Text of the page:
Do not add to what I command you and do not subtract from it, but keep the commands of the Lord your God that I give you.
- Deuteronomy 4:2
“My computer grammar check didn’t like this verse. It wanted to delete the ‘not’ before ‘subtract.’ If I didn’t know better, I’d think I had a real person in there, objecting to the meaning of this passage, someone who wanted to change the upcoming Ten Commandments. Perhaps he’d like to get rid of the prohibition against adultery or the command not to have idols. Then he’d be able to do what he wanted and ignore the guilt.”
- Pamela McQuade, Daily Wisdom to Satisfy the Soul
Okay, with my grammar suggestions for my computer, it did not like the comma in Deuteronomy 4:2, but I have often seen the grammar check want to eliminate a negative to turn a sentence into a positive, in copied Scripture or what I write. And the devotion author was being sexist. Women might have problems with the commandments on adultery and idol worship also.
The author went on to speak of things that we might be uncomfortable with. Maybe we want one passage more lenient or a rule removed entirely. In another passage, we might want God to treat the people who violate the rule more harshly, especially when we are the victim. But the author concludes the devotion with the admonition to not edit Scriptures, but to obey.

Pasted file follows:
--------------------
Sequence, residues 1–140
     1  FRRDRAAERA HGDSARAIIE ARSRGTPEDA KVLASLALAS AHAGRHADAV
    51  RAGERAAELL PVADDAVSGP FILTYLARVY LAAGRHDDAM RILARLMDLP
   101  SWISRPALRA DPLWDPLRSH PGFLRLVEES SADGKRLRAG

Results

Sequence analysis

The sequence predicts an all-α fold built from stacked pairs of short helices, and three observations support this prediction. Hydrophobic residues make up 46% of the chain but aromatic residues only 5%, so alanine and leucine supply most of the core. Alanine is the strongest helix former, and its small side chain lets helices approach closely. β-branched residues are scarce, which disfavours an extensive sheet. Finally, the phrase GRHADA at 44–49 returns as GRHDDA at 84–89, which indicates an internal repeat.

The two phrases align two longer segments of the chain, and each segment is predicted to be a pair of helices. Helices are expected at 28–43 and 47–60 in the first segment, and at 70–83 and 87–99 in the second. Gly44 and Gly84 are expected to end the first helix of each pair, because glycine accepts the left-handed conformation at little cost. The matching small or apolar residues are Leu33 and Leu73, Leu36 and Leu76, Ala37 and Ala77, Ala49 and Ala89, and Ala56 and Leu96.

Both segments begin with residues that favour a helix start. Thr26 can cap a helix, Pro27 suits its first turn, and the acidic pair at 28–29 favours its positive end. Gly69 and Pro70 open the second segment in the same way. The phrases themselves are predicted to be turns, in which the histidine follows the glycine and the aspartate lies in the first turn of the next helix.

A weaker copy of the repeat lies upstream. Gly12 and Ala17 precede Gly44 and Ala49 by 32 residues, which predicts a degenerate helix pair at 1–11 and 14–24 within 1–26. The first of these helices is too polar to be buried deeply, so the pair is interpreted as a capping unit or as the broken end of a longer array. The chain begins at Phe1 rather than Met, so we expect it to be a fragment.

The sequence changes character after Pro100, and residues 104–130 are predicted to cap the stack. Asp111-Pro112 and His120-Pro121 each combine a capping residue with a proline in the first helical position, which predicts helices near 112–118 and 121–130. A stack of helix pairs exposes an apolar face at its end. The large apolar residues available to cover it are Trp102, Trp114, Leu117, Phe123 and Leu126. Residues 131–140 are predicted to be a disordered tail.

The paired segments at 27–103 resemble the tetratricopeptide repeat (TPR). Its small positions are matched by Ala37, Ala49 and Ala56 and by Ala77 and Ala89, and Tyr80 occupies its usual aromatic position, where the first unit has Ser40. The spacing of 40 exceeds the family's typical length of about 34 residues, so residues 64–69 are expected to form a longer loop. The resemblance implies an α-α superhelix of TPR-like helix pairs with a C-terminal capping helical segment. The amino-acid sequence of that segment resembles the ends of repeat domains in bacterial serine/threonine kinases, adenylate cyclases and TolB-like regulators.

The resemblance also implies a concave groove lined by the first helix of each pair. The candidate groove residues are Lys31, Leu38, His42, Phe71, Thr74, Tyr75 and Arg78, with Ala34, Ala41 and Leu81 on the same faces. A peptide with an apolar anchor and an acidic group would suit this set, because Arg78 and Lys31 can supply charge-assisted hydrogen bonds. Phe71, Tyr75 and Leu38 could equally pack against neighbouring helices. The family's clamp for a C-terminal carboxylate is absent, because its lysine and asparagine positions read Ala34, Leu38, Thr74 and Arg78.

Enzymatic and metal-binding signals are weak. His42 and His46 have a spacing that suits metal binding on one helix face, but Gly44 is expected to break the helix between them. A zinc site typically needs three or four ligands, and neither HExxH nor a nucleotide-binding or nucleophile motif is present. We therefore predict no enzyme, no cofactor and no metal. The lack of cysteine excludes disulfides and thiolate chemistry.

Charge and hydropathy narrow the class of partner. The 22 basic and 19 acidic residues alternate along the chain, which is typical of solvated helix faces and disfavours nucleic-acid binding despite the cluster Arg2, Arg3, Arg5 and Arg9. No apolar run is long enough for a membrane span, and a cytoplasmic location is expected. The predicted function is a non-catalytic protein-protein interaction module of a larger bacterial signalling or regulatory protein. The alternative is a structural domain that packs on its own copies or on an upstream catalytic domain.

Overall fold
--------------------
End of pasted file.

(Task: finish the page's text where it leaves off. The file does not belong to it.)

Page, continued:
But, I have a little different approach to the commandments. We must not edit, but we must not wallow in guilt either. God has forgiven our sins; we should also. Yet, guilt is a signal that we have mis stepped. Rather than beating our heads against the wall, we should praise God for His mercy, and quickly get back on the path in our journey of faith.
But also, simply obeying the commandments places us in a no win situation. We will falter. And it places our focus on “doing.” Just like the rich young ruler, we can “do” the commandments (in a limited sense), but do we have a meaningful relationship with Jesus? Breaking the commandments can hinder that relationship, temporarily. But once we repent and turn from the sin, we can start working on that deep relationship with our Savior.
Yet, the concept that the author of the devotion suggests of an outside force trying to edit Scripture is an interesting one. Has the grammar editor, or the software making suggestions, made similar suggestions with what you write? I know not to ask if autocorrect has changed something that embarrasses you. It has for me on numerous occasions. A carpenter will tell you to measure twice and cut once, but in writing, you may have to read and edit your work more times than just twice before you press the SEND or PUBLISH buttons.
And even when I read something that I have already sent, I know that God loves me, and He forgives my typos.
Soli Deo Gloria. Only to God be the Glory.